In the meantime the relevant episodes of MasterChef were recorded and broadcast and Anotech had started using the MasterChef brand in its sales and marketing. Reveille duly invoiced Anotech under the terms of the licence, but the invoice was never paid. Reveille brought proceedings against Anotech on the basis that the deal memo, as marked up and signed by Anotech, created a legally binding contract notwithstanding that it had not signed it itself. Anotech argued that no binding contract had been concluded.

At first instance the High Court held that the parties had concluded a binding contract on the terms of the deal memo. Anotech was ordered to pay over US$1 million to Reveille. The question for the Court of Appeal was in what circumstances will a contract be concluded when a written offer document states that it is not binding until signed, but the offeree still appears to have performed its obligations under the unsigned agreement?

There are already established principles of English law that a party can accept contractual terms by conduct provided, objectively, that the conduct was intended to constitute acceptance and acceptance can be of an offer on the terms set out in a draft, unsigned agreement between the parties). Further, a prescribed mode of acceptance can be waived by clear, unequivocal conduct.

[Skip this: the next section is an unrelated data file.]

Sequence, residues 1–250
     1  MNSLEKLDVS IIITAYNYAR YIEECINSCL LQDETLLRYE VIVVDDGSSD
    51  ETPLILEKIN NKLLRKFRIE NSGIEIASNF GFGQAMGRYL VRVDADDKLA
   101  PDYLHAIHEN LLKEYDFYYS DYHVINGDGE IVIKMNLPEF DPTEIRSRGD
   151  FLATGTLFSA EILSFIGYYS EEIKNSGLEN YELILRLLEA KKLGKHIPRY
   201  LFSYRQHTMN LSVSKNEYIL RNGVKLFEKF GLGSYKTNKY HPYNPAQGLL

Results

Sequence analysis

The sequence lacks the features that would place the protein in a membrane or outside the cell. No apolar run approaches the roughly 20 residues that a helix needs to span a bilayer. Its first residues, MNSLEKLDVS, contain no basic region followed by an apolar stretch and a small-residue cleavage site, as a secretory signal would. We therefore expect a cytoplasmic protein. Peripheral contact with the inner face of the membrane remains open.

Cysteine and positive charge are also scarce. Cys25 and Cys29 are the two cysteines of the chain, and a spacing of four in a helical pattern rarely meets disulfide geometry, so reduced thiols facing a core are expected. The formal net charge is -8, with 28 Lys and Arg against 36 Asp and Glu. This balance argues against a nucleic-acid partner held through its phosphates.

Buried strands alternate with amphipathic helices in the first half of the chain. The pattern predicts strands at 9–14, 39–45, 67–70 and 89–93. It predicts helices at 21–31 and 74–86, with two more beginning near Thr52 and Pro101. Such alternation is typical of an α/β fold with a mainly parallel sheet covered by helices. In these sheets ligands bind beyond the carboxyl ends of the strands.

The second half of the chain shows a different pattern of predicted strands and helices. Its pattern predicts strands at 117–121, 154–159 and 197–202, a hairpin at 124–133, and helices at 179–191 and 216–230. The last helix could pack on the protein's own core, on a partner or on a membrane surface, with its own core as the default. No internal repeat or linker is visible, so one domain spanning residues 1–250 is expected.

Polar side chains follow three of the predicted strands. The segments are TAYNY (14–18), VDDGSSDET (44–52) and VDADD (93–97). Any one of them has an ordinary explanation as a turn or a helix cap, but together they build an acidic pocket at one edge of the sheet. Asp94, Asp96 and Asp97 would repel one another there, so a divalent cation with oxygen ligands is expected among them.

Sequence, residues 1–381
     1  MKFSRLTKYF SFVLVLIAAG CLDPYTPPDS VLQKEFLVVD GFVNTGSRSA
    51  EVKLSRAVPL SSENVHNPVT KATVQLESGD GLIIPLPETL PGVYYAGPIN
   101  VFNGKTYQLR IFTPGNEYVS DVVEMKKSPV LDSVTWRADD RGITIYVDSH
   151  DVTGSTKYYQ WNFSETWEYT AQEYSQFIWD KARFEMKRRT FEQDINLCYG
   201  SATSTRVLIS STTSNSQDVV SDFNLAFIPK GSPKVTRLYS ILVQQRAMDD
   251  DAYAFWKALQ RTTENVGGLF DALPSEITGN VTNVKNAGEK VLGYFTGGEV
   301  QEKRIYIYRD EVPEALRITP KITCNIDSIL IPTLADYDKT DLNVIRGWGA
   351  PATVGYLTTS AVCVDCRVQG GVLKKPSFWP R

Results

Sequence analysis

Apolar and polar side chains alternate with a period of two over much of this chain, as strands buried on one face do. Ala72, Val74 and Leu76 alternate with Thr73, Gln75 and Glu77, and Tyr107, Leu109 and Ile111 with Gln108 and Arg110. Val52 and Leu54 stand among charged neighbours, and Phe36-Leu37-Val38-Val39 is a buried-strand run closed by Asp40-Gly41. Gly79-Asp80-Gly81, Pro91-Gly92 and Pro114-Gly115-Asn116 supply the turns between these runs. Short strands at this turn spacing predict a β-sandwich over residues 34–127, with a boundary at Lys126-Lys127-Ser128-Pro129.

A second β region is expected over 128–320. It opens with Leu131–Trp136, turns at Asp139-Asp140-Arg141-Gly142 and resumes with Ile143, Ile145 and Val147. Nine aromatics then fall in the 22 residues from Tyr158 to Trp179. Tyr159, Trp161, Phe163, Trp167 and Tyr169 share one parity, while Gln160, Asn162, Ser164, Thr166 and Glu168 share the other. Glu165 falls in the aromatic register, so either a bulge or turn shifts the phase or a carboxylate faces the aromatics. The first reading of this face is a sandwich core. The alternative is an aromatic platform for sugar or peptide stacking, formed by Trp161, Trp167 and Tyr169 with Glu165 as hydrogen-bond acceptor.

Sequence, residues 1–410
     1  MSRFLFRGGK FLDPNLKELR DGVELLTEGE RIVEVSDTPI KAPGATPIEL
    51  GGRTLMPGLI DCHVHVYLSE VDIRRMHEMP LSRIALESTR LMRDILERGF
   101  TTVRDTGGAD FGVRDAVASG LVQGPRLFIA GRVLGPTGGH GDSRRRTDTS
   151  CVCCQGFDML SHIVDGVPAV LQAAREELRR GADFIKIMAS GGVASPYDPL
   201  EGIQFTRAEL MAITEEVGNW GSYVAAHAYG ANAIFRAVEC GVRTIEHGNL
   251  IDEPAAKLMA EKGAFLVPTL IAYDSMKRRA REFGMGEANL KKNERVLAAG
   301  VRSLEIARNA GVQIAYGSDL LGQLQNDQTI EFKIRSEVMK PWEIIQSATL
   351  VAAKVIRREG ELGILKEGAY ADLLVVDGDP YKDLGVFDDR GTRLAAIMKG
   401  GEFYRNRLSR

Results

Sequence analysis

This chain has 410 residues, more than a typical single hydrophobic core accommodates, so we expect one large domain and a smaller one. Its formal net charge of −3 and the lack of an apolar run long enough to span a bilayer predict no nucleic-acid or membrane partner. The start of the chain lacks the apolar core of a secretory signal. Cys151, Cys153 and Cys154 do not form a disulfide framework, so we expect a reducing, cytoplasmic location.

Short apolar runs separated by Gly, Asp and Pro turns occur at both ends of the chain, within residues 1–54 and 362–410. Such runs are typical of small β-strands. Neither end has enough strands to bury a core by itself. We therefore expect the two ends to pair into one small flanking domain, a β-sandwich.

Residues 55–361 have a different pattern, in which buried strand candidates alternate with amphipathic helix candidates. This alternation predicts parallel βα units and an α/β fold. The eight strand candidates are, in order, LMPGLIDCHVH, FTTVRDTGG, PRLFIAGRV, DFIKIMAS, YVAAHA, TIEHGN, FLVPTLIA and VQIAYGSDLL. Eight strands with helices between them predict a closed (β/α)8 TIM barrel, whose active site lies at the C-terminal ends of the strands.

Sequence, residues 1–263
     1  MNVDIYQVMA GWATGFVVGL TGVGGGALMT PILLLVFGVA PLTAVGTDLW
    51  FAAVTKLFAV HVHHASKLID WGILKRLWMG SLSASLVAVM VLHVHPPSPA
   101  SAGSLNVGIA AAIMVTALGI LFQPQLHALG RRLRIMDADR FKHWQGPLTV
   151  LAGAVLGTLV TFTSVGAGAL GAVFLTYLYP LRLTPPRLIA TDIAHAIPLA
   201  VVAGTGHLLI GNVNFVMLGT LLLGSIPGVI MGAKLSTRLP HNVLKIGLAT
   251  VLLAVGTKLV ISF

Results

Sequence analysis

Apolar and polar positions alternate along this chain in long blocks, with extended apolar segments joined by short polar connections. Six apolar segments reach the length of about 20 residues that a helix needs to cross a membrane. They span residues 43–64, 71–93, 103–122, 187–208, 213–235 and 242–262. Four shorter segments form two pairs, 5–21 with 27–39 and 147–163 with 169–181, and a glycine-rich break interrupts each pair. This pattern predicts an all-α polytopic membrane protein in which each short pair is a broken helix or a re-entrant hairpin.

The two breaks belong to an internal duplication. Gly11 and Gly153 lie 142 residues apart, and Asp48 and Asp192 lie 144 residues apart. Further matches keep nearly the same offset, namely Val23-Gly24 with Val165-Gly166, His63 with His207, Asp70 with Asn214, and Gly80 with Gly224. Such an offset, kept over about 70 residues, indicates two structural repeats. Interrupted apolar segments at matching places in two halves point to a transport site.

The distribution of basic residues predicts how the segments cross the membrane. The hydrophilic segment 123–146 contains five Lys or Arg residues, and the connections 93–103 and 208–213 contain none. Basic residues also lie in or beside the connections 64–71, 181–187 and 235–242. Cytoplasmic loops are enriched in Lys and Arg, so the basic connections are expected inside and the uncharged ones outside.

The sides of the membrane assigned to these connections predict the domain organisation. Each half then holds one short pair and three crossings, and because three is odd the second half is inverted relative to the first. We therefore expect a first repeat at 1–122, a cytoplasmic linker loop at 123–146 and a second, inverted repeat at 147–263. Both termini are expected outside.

Applying those principles, the Court of Appeal found that there was clear evidence of acceptance of the terms by Reveille by their conduct, which included integration of Anotech’s products in episodes of MasterChef and approval of use of its intellectual property in press releases. There was no disadvantage to Anotech when it too had acted as if it was bound by the terms of the deal memo.